Troubleshooting financial numbers Follow

Here's some general information about diagnosing financial data in Business Plan Pro, using the Interest Expense line of the Profit and Loss table as an example.

Diagnosing Financials In Business Plan Pro

A number of data entry cells in Business Plan are locked by design, because the data is entered in a different place, and the information is brought into the locked cells automatically. You can use the features of the software to find the correct place in which to edit the data values in cells that are not locked.

The four key features of Business Plan Pro that give you absolute diagnostic power over the numbers in your business plan are the "Spreadsheet" tab, the Row Help pane, the Formula field, and the "View" menu.
  • The "Spreadsheet" tab
    While the data entry wizards in Business Plan Pro can help a new user through the process of initial data entry, they do not have the flexibility (nor do they show enough specific detail) to find and correct all of the individual numbers in the business plan.

    Using the "Spreadsheet" tab, which is above the "Next Task" button in each of the financial tables in Business Plan Pro, gives you direct access to each of the editable data cells in any of the financial tables in your business plan. It also allows you to use the Row Help pane and the Formula field to discover how to find and edit the original data entry cells whose contents are reflected in any locked rows or cells.

  • The Row Help Pane
    The Row Help pane is below the cells of each spreadsheet table in the plan. It is above the "Spreadsheet" and "Preview" tabs, which are above the "Next Task" button. Please see the attached screen shot showing the Interest line in the Profit and Loss table as an example.

    If you click on any row or cell in a table, you can read in the Row Help pane an explanation of the calculation that takes place on that row or in that cell.

    If the Row Help pane is not visible, you may need to click the "Full Screen" button at the lower right, beneath the spreadsheet, to make it visible. It may help to drag the upper border of the Row Help pane upward to make it larger, so you can read the text it contains.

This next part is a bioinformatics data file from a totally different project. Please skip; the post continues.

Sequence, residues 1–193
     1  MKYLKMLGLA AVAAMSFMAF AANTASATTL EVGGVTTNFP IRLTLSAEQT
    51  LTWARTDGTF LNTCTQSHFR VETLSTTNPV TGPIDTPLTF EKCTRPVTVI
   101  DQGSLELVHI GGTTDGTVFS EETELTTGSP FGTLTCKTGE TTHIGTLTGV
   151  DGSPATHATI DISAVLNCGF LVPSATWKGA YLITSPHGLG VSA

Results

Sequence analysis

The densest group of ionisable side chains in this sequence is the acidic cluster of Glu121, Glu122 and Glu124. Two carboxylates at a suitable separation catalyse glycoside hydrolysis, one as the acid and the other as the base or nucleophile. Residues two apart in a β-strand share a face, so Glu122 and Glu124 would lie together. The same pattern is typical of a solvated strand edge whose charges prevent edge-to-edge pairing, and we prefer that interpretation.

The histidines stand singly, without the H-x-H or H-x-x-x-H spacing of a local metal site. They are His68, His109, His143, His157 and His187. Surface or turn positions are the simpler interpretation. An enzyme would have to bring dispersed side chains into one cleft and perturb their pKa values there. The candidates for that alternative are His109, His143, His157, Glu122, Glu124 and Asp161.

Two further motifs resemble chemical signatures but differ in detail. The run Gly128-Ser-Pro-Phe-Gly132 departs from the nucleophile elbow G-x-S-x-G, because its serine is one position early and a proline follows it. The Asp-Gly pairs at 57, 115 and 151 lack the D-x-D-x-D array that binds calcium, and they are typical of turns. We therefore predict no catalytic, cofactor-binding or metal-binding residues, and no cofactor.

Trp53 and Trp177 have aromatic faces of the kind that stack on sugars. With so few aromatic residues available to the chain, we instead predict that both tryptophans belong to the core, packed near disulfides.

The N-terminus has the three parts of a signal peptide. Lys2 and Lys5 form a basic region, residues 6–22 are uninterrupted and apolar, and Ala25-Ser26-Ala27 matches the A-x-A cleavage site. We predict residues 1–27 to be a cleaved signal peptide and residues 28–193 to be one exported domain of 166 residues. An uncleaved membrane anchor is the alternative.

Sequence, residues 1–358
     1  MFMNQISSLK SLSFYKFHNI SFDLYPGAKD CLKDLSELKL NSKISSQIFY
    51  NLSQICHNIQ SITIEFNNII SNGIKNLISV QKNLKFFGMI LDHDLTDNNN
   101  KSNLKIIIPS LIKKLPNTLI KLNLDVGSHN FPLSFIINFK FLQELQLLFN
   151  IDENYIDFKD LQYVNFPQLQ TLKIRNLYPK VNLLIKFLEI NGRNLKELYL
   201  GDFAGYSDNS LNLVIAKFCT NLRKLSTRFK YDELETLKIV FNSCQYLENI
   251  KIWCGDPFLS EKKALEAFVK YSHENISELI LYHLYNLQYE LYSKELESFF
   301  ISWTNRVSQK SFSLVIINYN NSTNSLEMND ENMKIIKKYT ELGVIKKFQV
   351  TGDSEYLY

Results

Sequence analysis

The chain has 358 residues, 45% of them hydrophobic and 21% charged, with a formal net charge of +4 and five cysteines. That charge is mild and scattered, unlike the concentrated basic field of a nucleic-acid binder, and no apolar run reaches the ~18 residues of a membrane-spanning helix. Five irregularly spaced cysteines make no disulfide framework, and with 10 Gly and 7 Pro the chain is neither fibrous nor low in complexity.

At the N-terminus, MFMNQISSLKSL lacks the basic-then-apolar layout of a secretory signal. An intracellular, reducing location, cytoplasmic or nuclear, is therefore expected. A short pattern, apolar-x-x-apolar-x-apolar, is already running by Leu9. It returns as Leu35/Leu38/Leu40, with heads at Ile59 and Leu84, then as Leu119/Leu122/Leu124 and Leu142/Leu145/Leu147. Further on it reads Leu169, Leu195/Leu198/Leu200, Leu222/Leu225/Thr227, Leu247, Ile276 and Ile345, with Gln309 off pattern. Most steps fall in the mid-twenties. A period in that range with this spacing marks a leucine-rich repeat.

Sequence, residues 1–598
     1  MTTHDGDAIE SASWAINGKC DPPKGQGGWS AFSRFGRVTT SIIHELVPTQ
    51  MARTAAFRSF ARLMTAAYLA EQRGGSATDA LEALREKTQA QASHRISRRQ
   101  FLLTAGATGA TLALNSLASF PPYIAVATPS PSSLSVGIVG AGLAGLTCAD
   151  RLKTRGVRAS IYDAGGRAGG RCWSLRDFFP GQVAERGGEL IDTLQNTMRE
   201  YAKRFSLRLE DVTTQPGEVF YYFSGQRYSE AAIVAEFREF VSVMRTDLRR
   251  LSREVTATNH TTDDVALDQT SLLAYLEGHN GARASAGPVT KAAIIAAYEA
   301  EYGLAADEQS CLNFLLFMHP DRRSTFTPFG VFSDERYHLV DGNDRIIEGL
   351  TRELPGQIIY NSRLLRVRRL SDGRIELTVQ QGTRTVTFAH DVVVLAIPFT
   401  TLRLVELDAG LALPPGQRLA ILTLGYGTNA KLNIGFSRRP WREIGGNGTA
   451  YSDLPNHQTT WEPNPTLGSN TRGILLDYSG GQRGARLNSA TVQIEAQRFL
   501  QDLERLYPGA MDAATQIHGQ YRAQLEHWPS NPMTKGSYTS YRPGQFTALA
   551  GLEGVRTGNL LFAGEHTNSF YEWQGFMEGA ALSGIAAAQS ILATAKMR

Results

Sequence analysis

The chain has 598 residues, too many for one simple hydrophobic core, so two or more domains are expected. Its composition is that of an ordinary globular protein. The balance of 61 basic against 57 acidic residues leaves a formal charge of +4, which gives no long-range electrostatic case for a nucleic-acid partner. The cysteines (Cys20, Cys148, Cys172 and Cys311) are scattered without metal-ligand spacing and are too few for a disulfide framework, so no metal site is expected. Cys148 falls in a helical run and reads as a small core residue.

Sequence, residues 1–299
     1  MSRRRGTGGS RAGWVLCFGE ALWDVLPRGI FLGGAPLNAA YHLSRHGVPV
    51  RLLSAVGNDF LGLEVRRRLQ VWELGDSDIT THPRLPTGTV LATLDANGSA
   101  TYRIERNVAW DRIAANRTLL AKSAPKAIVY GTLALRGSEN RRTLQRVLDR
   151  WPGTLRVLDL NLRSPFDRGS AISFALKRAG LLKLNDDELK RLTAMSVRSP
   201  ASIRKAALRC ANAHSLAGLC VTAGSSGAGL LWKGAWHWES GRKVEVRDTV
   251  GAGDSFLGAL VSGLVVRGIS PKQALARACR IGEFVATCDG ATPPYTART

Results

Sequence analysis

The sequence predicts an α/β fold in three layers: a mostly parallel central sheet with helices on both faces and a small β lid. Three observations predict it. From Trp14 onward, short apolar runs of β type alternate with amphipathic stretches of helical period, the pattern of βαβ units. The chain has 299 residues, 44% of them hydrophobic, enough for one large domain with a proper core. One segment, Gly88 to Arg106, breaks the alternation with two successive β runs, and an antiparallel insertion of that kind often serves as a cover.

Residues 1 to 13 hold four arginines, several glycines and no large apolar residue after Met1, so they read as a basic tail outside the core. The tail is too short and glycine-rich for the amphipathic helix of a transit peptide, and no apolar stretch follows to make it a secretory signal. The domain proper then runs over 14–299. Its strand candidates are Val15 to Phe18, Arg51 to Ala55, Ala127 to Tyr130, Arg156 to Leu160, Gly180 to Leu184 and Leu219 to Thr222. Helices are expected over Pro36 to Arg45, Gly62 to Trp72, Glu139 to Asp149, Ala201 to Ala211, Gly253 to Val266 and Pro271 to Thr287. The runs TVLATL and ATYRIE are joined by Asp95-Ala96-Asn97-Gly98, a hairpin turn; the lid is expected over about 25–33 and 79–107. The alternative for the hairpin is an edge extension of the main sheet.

If the current row or cell is locked, the Row Help explains where those numbers come from. For example, if you click on the Sales row in the P&L table, the Row Help area explains that the Sales income comes from the Sales Forecast table. You can then go to the Sales Forecast and change the projected Sales figures, which are then reflected in the P&L Table.

  • The Formula field
    If you click on any data cell in the spreadsheet view of a table, you can see the formula for that cell (above the heading for Column A in the Spreadsheet view -- as shown in the attached screen shot).

  • The "View" Menu
    Every table in the plan is listed in alphabetical order on the "View-->Tables" menu. You can use this menu to go directly to any table, chart, or topic in the plan. Even items that do not print (and are not in the Outline) are available from the "View" menu. 

    An example is the General Assumptions table, which show the loan interest rates for Current Borrowing and Long-Term Liabilities, as well as the income Tax Rate. By default, it is not in the Outline, and does not print. However, clicking "View-->Tables-->General Assumptions" brings it right up.
So, here's an example for you. If I noticed something unusual about the Interest Expense in the Profit & Loss table, I would take the following steps to troubleshoot it:
First, I'd switch to the spreadsheet view so I could get a clearer picture of the Interest Expense row over time. Then, I'd read the "Row by Row" help information on Interest Expense to get an understanding of the calculation. It would show me:


As you can see, it explains that I can't change the number here (the row is protected) as it is calculated by multiplying the liabilities balances (from the Balance Sheet) by the interest rates (from the General Assumptions table).

So, I would use the View menu to go to the General Assumptions table and check to be sure that my Interest Rates were entered correctly. Once I'd determined those values are correct, I'd go to the Balance Sheet and check my Long-term Liabilities and Current Borrowing balances. Looking at that spreadsheet, I could see if there was an issue with either of those balances. Again, I'd find that the cells are locked and I could use the Row by Row help to determine I need to go to the Cash Flow table to make changes to it or I can use the Formula Backstep tool to go back to the source of the data for those cells (as shown in the 3 images below):







This is how you could trace a calculated number (Interest Expense) back to it's source (New Current Borrowing) in order to make a change to the source data.
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